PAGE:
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biochemistry as well as their organic chemistry and general chemistry laboratory courses. The reaction itself facilitated the integration of a variety of critical chemical concepts. In prelaboratory meetings, pK a values and the importance of pH at various stages of the reaction were discussed. In addition, regiochemistry of electrophilic aromatic substitutions and resonance structures were featured prominently when discus- sing the expected products of the reaction, since the para- directing nature of the phenolic OH can be justied using resonance and steric arguments. These discussions, in addition to discussions of rational design and tyrosinases natural substrates, assisted students in selecting their aniline. The students indicated special interest in this drug design element of the project. Once the product was isolated, students demonstrated even more general and organic chemistry skills such as percent yield calculations and solution preparation. 1 H NMR spectra of the products in CDCl 3 were obtained, which allowed each group to analyze the identity and purity of their products. Given the dierences in symmetry, number of aromatic protons, and methyl groups in the target compounds, the NMR spectrum for each compound was quite distinct, making identity analysis achievable. At institutions where NMR analysis is not available, the purity of the product can easily be qualitatively assessed by silica gel thin layer chromatography because the product of these reactions is easily identi ed as a bright yellow or orange spot (See Supporting Information ). While students were asked to utilize their organic chemistry knowledge, the project also integrated numerous biochemical concepts. For example, students prepared a phosphate buer solution that was used for all of the kinetics assays. For this laboratory, they were given only the desired concentration, volume, and target pH. Many biochemistry students struggle with buer chemistry even though it is a topic covered extensively in both the biochemistry lab and the lecture course after its rst introduction in general chemistry. Thus, further practice with buer preparation and use helped reinforce pH concepts and allowed students to master this skill. Additionally, students routinely performed dilution calculations, used spectrometers, and prepared graphs using Excel throughout the multiweek lab. In particular, performing dilution calcu- lations was a skill that some students found challenging so additional practice was bene cial, particularly in the application of a real world enzyme assay where total volume of each assay was kept constant. Accurate pipetting and mixing, which were themes throughout the course, were key to obtaining quality data. Students needed to safely handle chemicals and properly dispose of both aqueous and organic waste. The AAC&U has stated that students who engage in these kinds of high impact capstone experiences are more likely to complete college, are more engaged in their work, and show higher levels of deep and integrative learning. 17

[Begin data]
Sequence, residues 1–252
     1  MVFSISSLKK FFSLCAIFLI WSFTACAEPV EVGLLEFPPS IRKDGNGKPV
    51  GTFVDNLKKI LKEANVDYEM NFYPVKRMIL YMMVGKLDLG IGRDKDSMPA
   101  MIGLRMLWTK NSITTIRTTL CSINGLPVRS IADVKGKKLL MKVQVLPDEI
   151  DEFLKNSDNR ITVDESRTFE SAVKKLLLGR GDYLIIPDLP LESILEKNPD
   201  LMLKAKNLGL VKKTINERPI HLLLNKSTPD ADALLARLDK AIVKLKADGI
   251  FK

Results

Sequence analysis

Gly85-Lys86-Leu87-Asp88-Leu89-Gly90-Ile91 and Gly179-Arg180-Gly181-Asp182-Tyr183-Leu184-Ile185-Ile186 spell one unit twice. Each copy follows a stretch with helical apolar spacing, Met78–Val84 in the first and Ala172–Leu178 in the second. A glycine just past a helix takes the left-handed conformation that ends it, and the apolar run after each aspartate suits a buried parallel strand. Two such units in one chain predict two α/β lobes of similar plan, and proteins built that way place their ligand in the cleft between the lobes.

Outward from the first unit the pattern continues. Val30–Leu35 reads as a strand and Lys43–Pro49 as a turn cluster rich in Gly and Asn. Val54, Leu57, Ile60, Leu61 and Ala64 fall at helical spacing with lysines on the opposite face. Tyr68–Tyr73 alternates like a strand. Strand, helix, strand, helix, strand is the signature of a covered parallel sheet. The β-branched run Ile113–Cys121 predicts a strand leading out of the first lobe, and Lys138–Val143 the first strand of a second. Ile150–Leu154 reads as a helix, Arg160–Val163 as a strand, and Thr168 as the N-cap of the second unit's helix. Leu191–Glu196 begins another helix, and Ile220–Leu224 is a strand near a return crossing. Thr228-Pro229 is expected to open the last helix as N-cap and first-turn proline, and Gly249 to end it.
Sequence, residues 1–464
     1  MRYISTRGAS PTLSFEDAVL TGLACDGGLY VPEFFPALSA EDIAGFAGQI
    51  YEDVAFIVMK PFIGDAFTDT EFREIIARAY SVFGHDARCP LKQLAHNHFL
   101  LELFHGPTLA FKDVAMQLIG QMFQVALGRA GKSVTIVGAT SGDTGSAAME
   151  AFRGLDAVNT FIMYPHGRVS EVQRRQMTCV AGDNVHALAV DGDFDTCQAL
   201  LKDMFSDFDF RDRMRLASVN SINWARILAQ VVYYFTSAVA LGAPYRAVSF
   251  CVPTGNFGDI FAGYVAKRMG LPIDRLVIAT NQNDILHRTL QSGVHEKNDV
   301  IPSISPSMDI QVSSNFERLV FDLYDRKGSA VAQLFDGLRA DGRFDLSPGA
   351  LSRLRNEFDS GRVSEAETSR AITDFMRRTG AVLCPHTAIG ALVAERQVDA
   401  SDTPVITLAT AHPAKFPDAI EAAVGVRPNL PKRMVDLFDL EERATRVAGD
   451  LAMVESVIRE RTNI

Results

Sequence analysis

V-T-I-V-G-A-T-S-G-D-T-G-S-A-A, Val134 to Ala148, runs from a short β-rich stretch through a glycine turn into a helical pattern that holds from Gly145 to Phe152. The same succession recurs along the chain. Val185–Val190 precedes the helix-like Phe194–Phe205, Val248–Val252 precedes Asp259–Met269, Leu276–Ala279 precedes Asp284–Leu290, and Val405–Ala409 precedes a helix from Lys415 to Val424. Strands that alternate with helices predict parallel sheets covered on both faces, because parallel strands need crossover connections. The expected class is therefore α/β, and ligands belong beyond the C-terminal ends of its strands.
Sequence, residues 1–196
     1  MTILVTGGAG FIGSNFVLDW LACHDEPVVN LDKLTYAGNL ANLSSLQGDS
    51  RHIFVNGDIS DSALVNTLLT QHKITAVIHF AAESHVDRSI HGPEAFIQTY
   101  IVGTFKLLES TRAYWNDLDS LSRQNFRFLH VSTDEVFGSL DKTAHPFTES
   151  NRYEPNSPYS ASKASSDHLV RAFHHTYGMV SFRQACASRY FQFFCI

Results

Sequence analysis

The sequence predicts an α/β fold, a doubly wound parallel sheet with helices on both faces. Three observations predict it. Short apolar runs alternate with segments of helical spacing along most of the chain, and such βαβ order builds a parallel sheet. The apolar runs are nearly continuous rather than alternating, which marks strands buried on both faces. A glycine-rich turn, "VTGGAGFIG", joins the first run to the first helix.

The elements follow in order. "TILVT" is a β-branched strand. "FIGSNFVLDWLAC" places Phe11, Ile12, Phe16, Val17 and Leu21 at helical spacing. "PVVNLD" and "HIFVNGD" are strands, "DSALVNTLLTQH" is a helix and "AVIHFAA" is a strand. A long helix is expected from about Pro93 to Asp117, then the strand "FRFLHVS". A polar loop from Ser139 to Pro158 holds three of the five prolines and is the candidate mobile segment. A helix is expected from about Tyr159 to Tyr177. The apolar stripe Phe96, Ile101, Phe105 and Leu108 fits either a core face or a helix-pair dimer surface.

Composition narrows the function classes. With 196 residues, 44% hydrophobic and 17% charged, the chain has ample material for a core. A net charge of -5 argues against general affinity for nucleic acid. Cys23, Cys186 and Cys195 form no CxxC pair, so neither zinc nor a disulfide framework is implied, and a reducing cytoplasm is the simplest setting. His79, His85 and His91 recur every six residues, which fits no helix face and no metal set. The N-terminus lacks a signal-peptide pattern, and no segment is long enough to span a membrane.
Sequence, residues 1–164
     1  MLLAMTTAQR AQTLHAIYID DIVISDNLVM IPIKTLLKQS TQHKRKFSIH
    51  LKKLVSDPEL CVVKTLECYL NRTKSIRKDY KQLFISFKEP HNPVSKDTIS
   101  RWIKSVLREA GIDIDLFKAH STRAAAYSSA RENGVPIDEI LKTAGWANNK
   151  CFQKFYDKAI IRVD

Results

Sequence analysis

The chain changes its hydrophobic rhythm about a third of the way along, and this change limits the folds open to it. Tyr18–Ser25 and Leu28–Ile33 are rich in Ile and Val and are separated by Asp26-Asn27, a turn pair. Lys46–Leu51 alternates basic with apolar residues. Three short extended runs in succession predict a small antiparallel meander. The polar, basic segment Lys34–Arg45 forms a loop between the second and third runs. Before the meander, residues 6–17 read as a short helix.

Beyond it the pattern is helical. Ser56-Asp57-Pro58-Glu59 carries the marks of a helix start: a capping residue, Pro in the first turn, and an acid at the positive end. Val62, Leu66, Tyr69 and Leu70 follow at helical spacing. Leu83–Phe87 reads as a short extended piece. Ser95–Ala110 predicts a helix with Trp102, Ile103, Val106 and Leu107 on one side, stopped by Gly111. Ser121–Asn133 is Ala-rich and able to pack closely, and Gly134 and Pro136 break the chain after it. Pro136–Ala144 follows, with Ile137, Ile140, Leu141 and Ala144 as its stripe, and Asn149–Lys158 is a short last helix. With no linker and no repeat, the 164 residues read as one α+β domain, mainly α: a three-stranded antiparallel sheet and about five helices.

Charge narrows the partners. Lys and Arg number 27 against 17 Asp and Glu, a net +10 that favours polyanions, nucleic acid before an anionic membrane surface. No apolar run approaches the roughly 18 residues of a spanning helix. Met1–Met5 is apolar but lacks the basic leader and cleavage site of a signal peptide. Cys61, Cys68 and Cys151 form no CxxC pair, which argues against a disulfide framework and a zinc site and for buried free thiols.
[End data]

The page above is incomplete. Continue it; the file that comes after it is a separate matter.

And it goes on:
Written Assignment